Join Haruki, the protagonist of NEKO-NIN exHeart, as he suddenly finds himself with two catgirls on his doorstep claiming that he is their new master. Haruki is understandably dubious about the whole situation and not entirely keen to accept responsibility for the two ninjas, but eventually warm up to their cuteness. This visual novel is a lighthearted affair with beautiful artwork, but the story isn’t’ exactly memorable and it is all over without much really happening along the way. Fans of cat girls will definitely enjoy it, but everyone else should probably try the free demo first. Gameplay: Only two choices in the entire game and not much in the way of character development, but still enjoyable. Graphics: The artwork is beautiful and the moving cat ears are as adorable as advertised. Sound: Nice Japanese voice acting for all the girls, but the music isn’t exactly memorable.

Senran Kagura: Estival Versus

Senran Kagura: Estival Versus

Senran Kagura Estival Versus offers an impressive amount of fanservice mixed up with some solid hack and slash combat. The game does have its fair share of questionable elements, but it certainly doesn’t skimp on content. There is a meaty story mode to complete, along with plenty of side missions, while the money you earn can be spent on clothing and accessories for the girls. Like most hack and slash games it can get a little repetitive, but despite the large cast none of the girls feel alike in personality or fighting style. If you are a fan of the series or enjoy fighting games, this comes highly recommended, as long as you realize you are going to get bombarded by fanservice around every turn. Gameplay: Features plenty of content and a learning curve that eases you into the various combos and attacks you can pull off. Graphics: Looks great on PC and the detail as well as animations are impressive. Sound: Full Japanese voice acting for all the girls and a funky soundtrack that complements the action nicely.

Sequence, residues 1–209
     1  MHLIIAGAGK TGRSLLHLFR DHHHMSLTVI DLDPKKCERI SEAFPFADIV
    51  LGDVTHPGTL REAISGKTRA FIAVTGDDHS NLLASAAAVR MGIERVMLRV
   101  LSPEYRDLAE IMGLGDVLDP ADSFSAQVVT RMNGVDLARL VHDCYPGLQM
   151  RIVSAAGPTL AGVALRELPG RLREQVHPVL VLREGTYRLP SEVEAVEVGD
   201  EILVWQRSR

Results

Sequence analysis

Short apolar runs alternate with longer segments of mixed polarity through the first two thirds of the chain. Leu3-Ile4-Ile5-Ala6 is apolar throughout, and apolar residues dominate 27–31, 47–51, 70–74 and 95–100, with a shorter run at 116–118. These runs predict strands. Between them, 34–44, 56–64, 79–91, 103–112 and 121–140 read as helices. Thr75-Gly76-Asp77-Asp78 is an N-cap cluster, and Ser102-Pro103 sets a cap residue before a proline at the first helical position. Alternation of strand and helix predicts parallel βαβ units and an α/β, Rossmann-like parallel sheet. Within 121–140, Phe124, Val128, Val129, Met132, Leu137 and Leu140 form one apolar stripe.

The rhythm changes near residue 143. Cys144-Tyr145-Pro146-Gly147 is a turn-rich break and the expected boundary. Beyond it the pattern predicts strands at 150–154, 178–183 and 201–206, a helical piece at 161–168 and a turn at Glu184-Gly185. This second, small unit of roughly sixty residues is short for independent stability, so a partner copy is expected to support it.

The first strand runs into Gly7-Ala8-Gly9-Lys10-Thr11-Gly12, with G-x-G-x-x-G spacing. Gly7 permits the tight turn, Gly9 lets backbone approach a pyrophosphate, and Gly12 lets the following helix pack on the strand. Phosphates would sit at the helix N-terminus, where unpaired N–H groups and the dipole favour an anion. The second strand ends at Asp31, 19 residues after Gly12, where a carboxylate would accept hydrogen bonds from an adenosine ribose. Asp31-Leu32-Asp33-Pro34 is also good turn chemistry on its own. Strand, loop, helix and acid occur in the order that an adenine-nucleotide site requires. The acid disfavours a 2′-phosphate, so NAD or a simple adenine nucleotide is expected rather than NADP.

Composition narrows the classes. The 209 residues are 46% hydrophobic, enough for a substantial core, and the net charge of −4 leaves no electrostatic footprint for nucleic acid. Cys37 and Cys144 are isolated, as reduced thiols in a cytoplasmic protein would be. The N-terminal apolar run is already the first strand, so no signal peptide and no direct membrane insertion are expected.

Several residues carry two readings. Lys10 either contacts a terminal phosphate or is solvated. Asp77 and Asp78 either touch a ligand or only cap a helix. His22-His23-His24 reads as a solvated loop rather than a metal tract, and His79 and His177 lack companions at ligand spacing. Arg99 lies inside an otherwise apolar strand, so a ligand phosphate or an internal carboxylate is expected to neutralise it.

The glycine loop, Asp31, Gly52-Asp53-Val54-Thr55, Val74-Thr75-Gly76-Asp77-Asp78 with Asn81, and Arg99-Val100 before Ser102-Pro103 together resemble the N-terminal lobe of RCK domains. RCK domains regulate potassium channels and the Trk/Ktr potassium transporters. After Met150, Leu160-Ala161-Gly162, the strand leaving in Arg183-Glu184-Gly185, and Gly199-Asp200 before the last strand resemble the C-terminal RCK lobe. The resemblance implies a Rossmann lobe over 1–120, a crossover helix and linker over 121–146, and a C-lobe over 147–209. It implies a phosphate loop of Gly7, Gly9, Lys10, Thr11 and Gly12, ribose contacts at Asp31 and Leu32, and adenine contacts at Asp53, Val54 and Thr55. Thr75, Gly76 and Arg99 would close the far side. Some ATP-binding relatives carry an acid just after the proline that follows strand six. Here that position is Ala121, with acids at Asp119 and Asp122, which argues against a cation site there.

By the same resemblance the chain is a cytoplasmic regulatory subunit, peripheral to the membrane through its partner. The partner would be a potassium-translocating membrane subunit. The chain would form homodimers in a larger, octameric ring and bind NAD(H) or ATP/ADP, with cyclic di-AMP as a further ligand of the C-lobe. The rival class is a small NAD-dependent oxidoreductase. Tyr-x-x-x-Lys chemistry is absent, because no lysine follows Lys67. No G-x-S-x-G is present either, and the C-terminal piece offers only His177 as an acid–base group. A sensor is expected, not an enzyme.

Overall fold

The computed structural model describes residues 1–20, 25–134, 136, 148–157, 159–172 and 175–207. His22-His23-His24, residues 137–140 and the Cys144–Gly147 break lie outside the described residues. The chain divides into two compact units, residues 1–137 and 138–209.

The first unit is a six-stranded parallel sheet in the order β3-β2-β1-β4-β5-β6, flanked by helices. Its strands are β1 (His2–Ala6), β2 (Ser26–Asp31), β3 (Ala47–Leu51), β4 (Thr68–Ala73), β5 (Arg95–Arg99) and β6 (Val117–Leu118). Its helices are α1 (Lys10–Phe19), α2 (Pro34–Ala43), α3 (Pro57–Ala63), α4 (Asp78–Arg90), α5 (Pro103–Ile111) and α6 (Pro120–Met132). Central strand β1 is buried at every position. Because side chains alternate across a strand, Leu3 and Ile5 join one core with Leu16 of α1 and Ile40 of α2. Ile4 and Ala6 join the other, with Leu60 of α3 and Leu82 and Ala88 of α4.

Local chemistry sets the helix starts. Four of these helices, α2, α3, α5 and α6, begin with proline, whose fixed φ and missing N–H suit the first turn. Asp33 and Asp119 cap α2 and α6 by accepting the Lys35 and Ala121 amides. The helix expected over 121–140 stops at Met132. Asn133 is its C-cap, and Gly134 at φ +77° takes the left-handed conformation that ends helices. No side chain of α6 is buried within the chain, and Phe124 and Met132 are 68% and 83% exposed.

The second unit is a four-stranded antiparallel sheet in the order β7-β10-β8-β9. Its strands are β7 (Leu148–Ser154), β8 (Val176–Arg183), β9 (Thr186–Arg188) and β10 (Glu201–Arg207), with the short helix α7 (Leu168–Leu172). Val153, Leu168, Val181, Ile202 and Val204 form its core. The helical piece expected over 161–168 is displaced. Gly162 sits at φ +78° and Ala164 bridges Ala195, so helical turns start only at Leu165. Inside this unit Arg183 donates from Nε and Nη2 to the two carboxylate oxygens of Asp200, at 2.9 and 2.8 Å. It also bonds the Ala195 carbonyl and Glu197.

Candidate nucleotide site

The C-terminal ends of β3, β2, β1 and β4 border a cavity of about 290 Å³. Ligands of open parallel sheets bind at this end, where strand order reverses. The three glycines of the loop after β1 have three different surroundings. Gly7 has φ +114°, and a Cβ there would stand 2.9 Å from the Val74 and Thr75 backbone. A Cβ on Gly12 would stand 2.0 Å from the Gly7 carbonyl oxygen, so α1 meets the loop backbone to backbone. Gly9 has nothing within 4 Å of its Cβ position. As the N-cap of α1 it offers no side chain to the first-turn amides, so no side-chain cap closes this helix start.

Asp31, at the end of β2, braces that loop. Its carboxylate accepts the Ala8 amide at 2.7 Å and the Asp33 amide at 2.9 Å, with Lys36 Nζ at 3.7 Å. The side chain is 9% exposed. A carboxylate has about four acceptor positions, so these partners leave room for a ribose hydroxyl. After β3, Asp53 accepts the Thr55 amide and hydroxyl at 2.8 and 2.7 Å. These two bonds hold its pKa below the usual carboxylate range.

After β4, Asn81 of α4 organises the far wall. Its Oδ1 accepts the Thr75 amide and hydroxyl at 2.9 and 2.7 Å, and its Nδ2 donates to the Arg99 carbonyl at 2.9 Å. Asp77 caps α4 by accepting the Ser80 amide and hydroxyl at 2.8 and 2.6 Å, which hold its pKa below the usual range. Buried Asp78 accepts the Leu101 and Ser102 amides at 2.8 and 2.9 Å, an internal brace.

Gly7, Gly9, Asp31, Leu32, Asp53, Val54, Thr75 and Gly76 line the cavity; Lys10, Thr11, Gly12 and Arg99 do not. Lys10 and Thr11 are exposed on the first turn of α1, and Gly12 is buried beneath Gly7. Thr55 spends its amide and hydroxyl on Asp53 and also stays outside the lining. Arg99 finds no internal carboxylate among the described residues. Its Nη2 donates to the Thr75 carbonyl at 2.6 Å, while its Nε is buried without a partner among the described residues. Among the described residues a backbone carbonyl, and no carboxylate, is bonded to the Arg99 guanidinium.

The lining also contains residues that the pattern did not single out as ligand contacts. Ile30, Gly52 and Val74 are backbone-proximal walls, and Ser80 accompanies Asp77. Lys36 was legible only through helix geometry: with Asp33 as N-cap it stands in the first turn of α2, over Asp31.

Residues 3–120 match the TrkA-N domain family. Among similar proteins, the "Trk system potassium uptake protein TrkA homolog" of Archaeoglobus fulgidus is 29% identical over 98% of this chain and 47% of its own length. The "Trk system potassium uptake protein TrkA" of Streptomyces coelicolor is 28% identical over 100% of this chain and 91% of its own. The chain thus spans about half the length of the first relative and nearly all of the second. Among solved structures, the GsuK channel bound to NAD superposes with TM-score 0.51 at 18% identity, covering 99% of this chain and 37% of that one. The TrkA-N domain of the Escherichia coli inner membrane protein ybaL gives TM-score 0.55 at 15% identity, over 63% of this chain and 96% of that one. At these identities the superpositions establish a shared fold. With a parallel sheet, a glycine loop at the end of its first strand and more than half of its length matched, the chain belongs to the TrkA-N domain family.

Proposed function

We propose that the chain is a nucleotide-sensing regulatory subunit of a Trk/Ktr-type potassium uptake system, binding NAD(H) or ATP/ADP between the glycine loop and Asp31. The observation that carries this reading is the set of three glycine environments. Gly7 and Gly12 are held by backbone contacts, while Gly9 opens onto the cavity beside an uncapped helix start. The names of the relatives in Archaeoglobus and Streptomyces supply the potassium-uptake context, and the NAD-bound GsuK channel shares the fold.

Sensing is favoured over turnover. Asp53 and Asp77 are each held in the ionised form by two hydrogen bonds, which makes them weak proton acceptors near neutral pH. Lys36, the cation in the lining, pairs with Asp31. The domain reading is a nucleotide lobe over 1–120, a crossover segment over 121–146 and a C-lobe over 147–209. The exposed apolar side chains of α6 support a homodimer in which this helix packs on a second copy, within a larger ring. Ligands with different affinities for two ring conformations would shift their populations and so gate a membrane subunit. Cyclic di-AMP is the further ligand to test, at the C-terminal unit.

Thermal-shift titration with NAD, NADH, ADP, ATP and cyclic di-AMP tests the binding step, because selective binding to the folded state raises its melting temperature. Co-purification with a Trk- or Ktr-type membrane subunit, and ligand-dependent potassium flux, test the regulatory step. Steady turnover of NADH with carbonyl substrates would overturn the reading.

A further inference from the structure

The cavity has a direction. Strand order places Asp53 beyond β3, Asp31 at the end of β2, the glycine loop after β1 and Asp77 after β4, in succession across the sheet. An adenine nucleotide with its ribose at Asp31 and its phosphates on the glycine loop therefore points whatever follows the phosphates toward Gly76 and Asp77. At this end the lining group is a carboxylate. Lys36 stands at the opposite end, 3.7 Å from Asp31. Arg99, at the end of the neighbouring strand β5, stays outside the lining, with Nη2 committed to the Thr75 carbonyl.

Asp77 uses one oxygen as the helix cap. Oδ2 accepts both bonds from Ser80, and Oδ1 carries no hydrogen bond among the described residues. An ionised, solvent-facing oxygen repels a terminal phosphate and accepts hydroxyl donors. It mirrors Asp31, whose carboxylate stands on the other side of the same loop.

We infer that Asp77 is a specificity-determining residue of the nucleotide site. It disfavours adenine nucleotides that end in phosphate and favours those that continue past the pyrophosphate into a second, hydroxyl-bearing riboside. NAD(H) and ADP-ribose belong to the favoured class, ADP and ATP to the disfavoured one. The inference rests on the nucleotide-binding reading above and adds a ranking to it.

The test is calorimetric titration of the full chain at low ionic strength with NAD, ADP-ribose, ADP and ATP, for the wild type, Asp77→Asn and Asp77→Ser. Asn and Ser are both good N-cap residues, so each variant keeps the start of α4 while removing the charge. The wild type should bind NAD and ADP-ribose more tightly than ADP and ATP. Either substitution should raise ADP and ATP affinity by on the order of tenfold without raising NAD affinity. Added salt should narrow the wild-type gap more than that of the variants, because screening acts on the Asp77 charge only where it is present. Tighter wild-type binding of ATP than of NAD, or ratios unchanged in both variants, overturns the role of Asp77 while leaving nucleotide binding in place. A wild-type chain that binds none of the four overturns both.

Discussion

Alan Wake’s American Nightmare

Alan Wake's American Nightmare